Dramatic Innovation: we’re not quite there

A few days ago I came across this discussion in Hacker News. Summing up, Bren Victor, a rather famous human computer interaction designer at Apple during the last few years, criticized the vision that some people have about how the future is going to look like in terms of user interfaces design. He complains that the current approach we have to user interaction, which is mainly clicking on some kind of glass with our fingertips is not disruptive enough and he thinks we should challenge ourselves much more than that. So he purposes to exploit the highly-sensitive devices that our hands are to communicate ourselves with the machines, hence trying to follow a 3d sort of approach. Whether this is right or not, can be a source of an argument between those who like to research about this kind of stuff (Human Computer Interaction researchers and UI designers mainly). So, in order not to feel short-sighted just listening to one of the parts, I decided to read a bit about this discussion and I especially liked this opinion:

The article focuses on “everyday object” manipulation, but he’s right about technology too: there are a wealth of common HCI tools that glass cannot accommodate. – The textual keyboard remains one of the fastest methods of text entry. It can be used without looking, offers high bandwidth, affords both serial and chorded inputs, and works well for precise navigation in discrete spaces, like text, spreadsheets, sets of objects like forms, layers, flowcharts, etc. – MIDI keyboards are comparable, but trade discrete bandwidth for the expressiveness of pressure modulation. – The joystick (and associated interfaces like wheels, pedals, etc) are excellent tools for orienting. They can also offer precise haptic feedback through vibration and resistance. – The stylus is an unparalleled instrument for HCI operations involving continuous two dimensional spaces. It takes advantage of fine dexterity in a way that mice cannot, offering position, pressure (or simply contact), altitude, angle, and tip discrimination. – Trackballs and mice are excellent tools for analogue positional input with widely varying velocities. You can seek both finely and rapidly, taking advantage of varying grips. Trackballs offer the added tactile benefits of inertia and operating on an infinite substrate. – Dials, wheels. A well-made dial is almost always faster and more precise than up-down digital controls. They offer instant visual feedback, precise tuning, spatial discrimination, variable velocities, can be used without looking, and can be adapted for multiple resolutions. – Sliders. Offers many of the advantages of dials—smooth control with feedback, usable without looking—but in a linear space. Trades an infinite domain for linear manipulation/display, easier layout and use in flat or crowded orientations. And these are just some of the popular ones. You’ve got VR headsets for immersive 3d audio and video, haptic gloves or suits, sometimes with cabling for precise pressure and force vector feedback, variable-attitude simulators, etc. There are weirder options as well—implanted magnets or electrode arrays to simulate vision, hearing, heat, taste, etc… Dedicated interfaces can perform far better at specific tasks, but glass interfaces offer reconfigurability at low cost. That’s why sound engineers have physical mixer boards, writers are using pens or keyboards, artists are using Wacom tablets, nuclear physicists are staring at fine-tuning knobs, and motorcyclists are steering with bars, grips, and body positioning; but everyday people are enjoying using their ipad to perform similar tasks. Glass isn’t going to wipe out physical interfaces; it’s just a flexible tool in an expanding space of interaction techniques. More and more devices, I predict, will incorporate multitouch displays along dedicated hardware to solve problems in a balanced way.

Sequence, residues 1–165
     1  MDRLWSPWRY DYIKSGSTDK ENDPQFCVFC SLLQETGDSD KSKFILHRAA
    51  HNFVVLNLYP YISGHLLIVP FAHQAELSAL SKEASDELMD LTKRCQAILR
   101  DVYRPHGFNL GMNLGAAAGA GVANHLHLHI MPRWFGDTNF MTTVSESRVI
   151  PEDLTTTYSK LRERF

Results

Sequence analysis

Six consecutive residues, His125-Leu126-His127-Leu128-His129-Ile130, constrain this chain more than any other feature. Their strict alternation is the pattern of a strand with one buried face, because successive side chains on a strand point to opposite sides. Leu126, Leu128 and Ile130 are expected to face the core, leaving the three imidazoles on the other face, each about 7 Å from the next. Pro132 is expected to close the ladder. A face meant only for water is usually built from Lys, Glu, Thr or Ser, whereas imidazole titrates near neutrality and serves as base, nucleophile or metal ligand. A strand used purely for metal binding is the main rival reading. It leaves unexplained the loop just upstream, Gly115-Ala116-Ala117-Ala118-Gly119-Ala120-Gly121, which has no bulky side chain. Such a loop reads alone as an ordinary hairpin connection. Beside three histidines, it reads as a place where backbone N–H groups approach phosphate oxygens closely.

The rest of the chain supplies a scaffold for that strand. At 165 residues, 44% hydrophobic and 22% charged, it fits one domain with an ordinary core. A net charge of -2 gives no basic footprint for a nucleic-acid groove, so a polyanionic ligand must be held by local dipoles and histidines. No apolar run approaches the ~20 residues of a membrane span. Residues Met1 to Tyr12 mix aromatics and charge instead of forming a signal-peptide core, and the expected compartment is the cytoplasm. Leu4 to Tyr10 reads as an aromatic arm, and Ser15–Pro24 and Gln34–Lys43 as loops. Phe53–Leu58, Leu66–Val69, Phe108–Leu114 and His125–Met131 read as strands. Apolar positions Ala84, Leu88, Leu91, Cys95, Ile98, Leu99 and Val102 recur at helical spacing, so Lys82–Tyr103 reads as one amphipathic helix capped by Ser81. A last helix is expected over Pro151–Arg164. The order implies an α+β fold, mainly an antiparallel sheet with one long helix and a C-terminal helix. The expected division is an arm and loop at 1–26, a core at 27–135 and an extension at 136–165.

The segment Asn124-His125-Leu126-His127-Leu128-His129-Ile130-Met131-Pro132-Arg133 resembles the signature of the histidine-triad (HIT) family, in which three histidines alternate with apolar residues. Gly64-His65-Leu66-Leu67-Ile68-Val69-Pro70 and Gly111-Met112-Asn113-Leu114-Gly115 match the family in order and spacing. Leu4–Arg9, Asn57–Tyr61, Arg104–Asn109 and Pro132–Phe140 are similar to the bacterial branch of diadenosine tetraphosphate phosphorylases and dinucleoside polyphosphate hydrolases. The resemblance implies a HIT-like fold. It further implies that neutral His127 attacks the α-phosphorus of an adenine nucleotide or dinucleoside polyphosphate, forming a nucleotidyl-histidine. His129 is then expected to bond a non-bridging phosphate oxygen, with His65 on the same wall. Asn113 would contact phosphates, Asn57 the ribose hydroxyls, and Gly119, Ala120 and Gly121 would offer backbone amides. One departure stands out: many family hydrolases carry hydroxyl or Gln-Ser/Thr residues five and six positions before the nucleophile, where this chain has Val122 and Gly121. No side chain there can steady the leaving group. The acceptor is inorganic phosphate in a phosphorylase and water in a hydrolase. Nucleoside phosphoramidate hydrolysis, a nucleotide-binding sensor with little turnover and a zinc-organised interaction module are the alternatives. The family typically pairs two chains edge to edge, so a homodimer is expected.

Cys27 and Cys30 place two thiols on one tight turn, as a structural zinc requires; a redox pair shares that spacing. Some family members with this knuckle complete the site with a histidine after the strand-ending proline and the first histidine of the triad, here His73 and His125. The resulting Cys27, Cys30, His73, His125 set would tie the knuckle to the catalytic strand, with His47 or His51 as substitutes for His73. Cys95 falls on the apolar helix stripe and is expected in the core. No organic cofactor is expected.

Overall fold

He makes a good point here and I honestly am unaware of what the history of text entry is and how come the earliest device we invented to solve this problem (the keyboard, right?) remains to be the best solution by far. I think that he made sort of a good point here and I started to think that the humanity is getting a tad apathetic compared to previous generations. Our parents grew up dreaming about having people walking on the moon, that was really a turning point in history and I don’t really see how people is doing anything similar since the born of the internet. Some people address that odd centuries are more about incremental development instead of coming up with completely different things. For example, America was discovered in the late 15th century, whilst it was more or less clear that we had a new continent in the early 16th century. America was occupied by the Spanish during that century. They basically settled and took an advantage of their new possessions during the 17th century. Something similar happened during the 18th and 19th centuries with the industrial revolution. We started the information/globalization era in this last century (20th). Will the 21st century be all about incremental changes, debugging and refining this, or are we going to come up with anything REALLY new?

So, back to the UI lack of innovation rant, here’s newest Nokia research team video. Kind of fiddling around with some of the concepts that this guy came up with just a few weeks ago. Still timid but a dramatic change from what I have seen lately.

PS: I had a lecture with Don Patterson a few days ago in which he showed us the Nokia Morph Concept. It really left me speechless, but I think were at least 10 years away from this technology.

Nokia Morph